Some of you who stop here to read my ramblings on cameras probably know that I’ve been using a Sony NEX 5N along with some small manual focus lenses to make a fairly compact, lightweight, and capable camera system. Well, this year has been the year of new gadgets and adding more weight to my pack, so I guess it follows that my camera setup has also grown. This is just a quick update of what I’m working with now. There’s some recent NEX news also, so I’ll mention that at the end.
My Previous Backpacking Camera Setup Compared to Now
I detailed my previous setup pretty well on this post. Here’s the summary of the actual kit with the items I have since changed:
- NEX 5N + 7.5 oz
- Battery + 2.0 oz
- Battery + 2.0 oz
- CV 15/4.5 + 4.0 oz
CV 35/2.5 + 4.7 oz>> CV 40/1.4 + 8.3 oz CV 90/3.5 + 9.1 oz>> Dropped this lens from the kit
- CV 21/1.8 + 15.0 oz >> Added this lens to the kit
Leica-M to Sony-E Adapter + 2.3 oz>> LME Helicoid Adapter + 1.5 oz
- Memory + 0.05 oz
- Memory + 0.05 oz
- Strap + 0.1 oz
Total: 31.8 oz >> 40.5 oz (just over 3 lbs if I pack the 90mm)
So Why the Change?
Well, to begin with, I parted ways with my Canon 5D and associated “L” glass. That was a tough decision to make, the 5D has a great sensor and paired with lenses like the 35L and 135L it’s a joy to use. It also made for a very versatile setup along side my NEX 5N; a big/heavy system with a full frame sensor and fast lenses for low light, shallow depth of field, portraits, etc… and a small/light system with slow lenses for hiking and landscapes. Ultimately I couldn’t rationalize owning both. The performance of the 5N sensor was similar enough to the 5D that I couldn’t find any great reasons to hold onto the SLR. In terms of subject isolation, I’ve found the 5N working at f/2.0 is adequate and suits my style just fine. Overall the image quality of the 5D and good glass bests the 5N (and is excellent even with more modern sensors around) so it was a compromise, but a small one I felt. For printing, any advantages that the 5D had were equalized by the slightly higher resolution of the 5N, basically a draw in that respect.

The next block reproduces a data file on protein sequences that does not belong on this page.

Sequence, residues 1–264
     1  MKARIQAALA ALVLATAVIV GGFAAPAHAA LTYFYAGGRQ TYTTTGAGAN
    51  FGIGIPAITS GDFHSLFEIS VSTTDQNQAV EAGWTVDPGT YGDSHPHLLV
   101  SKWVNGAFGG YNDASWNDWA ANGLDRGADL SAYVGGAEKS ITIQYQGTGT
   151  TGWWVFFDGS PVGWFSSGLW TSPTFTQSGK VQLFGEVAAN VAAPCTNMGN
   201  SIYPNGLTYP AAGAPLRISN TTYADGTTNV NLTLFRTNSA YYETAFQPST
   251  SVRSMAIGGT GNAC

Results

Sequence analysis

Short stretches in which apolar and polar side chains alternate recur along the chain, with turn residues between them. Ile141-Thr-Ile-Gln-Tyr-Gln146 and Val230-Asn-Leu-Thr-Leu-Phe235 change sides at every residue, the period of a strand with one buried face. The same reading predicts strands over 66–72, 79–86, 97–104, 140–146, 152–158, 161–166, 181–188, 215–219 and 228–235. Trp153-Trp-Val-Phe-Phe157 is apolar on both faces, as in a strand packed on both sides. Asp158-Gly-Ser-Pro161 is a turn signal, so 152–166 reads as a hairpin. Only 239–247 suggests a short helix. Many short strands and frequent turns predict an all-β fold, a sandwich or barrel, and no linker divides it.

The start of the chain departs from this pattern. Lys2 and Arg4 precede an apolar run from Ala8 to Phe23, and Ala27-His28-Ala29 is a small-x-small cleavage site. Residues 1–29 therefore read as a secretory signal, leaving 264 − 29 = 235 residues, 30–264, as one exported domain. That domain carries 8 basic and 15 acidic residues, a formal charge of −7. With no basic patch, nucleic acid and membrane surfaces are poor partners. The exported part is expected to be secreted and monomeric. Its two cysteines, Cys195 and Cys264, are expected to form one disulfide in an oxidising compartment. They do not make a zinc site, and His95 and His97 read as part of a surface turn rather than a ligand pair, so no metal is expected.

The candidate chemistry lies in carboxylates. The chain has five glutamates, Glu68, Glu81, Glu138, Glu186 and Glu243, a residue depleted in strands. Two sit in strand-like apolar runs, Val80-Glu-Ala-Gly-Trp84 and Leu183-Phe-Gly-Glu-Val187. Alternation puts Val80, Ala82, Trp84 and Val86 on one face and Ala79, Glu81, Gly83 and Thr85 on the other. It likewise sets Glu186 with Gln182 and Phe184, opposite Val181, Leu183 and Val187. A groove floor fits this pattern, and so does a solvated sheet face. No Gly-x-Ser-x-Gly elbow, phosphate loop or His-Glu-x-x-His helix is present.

This led me to sell off the SLR and heavy glass, leaving only my NEX, but I only owned 1 “fast” lens – the 40/1.4 (equivalent to a 60/2.0 on full frame). The lens I’ve missed the most since buying my NEX is a 35mm equivalent – especially a fast one. I broke down and bought the Sony-Zeiss 24/1.8, yes, the same lens I talked smack about in previous posts. Guess what? I didn’t like it much at all. Sold it a few months later. The image quality was a little better than Sony’s native NEX glass, but not what I want from a pricey Zeiss lens. Even more aggravating than the price was trying to manually focus with it. I think people who prefer manual focus should stick to legacy MF lenses with the NEX – trying to MF with an auto-focus lens on the NEX can be a pain in the arm. I thought if I could get along with the MF feel of the lens, or just switch to using AF, I would grab the Sony 10-18mm zoom (which looks to be great wide angle zoom) and call it a day with those two lenses… alas that idea failed.